Motives for moisture control
December 7, 2010
by Jeff Gelski
"Just add water” may sound like a simple step in a formulation, but water and moisture control may prove problematic — and beneficial — in product formulation. Managing water may help in creating gluten-free products, extending the shelf life of tortillas and increasing the yield of meat and poultry products.
According to Euromonitor, the gluten-free market in the United States was $491.4 million in 2009, and it looks to rise to $670.7 million in 2012.
To replace gluten-containing wheat when creating gluten-free products, companies may use tapioca and rice, said Chris Thomas, senior technologist of bakery applications for National Starch Food Innovation, Bridgewater, N.J. Tapioca and rice, though, have a higher rate of absorption and tend to stale faster.
“There are definitely differences between wheat-containing products and gluten-free products,” Mr. Thomas said.
Companies thus may find it more difficult to create gluten-free bread, a high-moisture baked food, when compared to other gluten-free products such as crackers and snacks, he said.
For gluten-free products, National Starch Food Innovation offers Homecraft Create GF, which includes flour blends from rice and tapioca that are combined with starches, either modified food starches or starches that fit in simple label, all-natural products. The starches help with moisture control.
Fiberstar, River Falls, Wis., offers Citri-Fi, an ingredient made from citrus pulp.
“It’s primarily based on its ability to bind water,” said Brock Lundberg, vice-president of technology for Fiberstar. “Whether it’s a gluten-free product, or a high-fiber product, Citri-Fi helps to keep the product moist so it doesn’t dry out quickly.”
Gluten in bread helps provide elasticity, he said. Several customers of Fiberstar have wanted to keep the moisture bound in gluten-free bread so the bread does not dry too much. Citri-Fi has been shown to keep water in the dough, he said.
Moisture control has a role in the tortilla category, too. TIC Gums, White Marsh, Md., offers Ticaloid Tortilla, a stabilizer made from a combination of water-binding hydrocolloids. It has control in ice crystal formation for frozen tortilla applications.
“Gums in general hold moisture and help maintain flexibility and softness through the tortilla’s shelf life,” said Dan Grazaitis’ a food scientist with TIC Gums. “Ticaloid Tortilla was designed to accomplish this and add improved flexibility compared to standard guar gum.”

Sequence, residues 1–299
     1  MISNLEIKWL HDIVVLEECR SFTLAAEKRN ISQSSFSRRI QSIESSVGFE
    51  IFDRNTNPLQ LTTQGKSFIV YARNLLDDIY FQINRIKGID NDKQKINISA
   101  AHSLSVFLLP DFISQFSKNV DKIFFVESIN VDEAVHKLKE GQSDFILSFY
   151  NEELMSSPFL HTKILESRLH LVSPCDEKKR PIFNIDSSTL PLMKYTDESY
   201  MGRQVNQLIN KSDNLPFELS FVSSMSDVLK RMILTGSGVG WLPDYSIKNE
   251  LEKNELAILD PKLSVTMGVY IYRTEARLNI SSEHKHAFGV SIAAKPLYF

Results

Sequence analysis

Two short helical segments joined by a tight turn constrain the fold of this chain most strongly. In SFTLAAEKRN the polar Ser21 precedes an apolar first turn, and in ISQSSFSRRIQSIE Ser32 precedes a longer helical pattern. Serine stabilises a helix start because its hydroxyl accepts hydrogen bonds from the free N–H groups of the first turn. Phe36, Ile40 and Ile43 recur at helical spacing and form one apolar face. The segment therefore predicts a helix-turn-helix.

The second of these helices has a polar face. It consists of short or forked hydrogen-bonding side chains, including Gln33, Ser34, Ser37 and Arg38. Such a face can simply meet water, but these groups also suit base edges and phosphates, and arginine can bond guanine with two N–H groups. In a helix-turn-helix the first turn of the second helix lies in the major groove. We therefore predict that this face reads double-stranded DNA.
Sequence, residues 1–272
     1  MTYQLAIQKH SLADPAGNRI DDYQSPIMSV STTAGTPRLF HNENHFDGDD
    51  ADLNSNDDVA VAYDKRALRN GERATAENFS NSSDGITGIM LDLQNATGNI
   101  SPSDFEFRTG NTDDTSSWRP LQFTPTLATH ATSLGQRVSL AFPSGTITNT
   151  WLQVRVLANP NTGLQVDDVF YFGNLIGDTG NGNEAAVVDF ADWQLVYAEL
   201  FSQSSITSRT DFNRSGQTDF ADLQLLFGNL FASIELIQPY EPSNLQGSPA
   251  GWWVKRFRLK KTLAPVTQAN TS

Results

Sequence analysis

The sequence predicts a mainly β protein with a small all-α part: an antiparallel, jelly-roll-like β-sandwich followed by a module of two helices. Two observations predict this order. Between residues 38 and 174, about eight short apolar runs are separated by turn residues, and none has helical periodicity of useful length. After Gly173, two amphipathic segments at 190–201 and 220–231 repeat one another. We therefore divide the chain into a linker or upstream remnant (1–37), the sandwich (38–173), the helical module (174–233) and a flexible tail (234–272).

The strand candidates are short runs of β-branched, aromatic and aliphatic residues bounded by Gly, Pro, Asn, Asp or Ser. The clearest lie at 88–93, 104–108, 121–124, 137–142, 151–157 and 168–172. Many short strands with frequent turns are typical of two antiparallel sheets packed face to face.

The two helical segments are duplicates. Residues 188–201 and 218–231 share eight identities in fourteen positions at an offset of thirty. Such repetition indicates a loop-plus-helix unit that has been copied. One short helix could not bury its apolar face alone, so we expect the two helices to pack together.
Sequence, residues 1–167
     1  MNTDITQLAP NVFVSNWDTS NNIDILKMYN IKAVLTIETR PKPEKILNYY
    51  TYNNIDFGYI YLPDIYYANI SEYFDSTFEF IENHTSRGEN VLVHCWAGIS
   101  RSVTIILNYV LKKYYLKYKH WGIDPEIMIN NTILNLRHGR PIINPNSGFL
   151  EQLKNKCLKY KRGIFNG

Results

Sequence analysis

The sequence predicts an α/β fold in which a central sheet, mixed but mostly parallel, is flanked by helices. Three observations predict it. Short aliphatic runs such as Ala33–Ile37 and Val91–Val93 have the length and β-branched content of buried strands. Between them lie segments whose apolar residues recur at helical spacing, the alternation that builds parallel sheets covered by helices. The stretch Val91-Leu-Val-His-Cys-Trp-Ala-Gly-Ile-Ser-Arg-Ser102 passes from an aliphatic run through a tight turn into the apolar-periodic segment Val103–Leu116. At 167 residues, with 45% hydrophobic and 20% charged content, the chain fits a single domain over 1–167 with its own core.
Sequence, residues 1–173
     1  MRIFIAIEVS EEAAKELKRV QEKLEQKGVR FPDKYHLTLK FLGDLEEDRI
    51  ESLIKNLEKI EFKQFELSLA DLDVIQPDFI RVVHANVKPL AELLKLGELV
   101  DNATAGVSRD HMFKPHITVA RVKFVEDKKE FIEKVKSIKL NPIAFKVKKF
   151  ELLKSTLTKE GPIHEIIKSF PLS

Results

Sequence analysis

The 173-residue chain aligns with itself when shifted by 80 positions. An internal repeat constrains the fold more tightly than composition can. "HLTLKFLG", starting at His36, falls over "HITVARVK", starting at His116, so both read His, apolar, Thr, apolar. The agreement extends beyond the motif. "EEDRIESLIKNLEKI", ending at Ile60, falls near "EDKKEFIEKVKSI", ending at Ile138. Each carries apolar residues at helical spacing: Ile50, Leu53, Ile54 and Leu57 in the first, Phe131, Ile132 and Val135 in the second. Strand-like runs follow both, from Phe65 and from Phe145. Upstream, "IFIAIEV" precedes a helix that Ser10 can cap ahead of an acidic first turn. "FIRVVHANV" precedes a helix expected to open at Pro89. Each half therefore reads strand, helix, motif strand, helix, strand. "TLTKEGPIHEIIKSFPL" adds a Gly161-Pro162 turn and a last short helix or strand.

He added tortillas need flexibility since many will be rolled or folded for both retail and food service applications.
Dollar sales of tortillas/wraps in the United States totaled $1.1 billion for the 52 weeks ended Aug. 8, which was up 4% from the previous 52-week period, according to SymphonyIRI Group. McDonald’s Corp., Oak Brook, Ill., continues to use tortillas/wraps at the food service level. The company has initiated test marketing in Florida for a new line of Fresh Garden Wraps, which include chicken. Besides chicken in wrap products, McDonald’s sells a sausage burrito for breakfast.
In meat and poultry, controlling moisture may maintain juiciness along with increasing protein yield. Citri-Fi has been shown to do both since it binds both fat and water without reducing the sensory aspects of a product, Mr. Lundberg said.
When used in meat injection and tumbling, Citri-Fi binds water and fat to prevent drip loss, syneresis, purge and ice crystal formation. The U.S. Department of Agriculture’s Food Safety and Inspection Service in 2009 issued a no-objection letter for the use of Citri-Fi products containing dried orange pulp in non-standardized whole muscle meat and poultry products where binders are permitted and standardized whole muscle products where standards of identity permit the use of binder.
Glazes and brines/marinades are two other ways to control moisture in meat and poultry, said Shana Brewer, a marketing manager for savory products with National Starch Food Innovation. Glazes may trap moisture in such products as chicken breasts by forming a film or coating around the product.
“It physically locks in the moisture,” she said. “As the meat is cooking, the protein may expel moisture. The glaze helps prevent that from happening.”
Brines or marinades typically contain water, salt and phosphates, as well as starches, she said. As a product is heated or frozen or thawed, the injected marinade, for example, allows the product to retain its juiciness and deliver a suculent texture for the end consumer.
National Starch Food Innovation offers starches for use in both glazes and marinades. The Novation line of starches is designed for all-natural meat and poultry products with a simple label.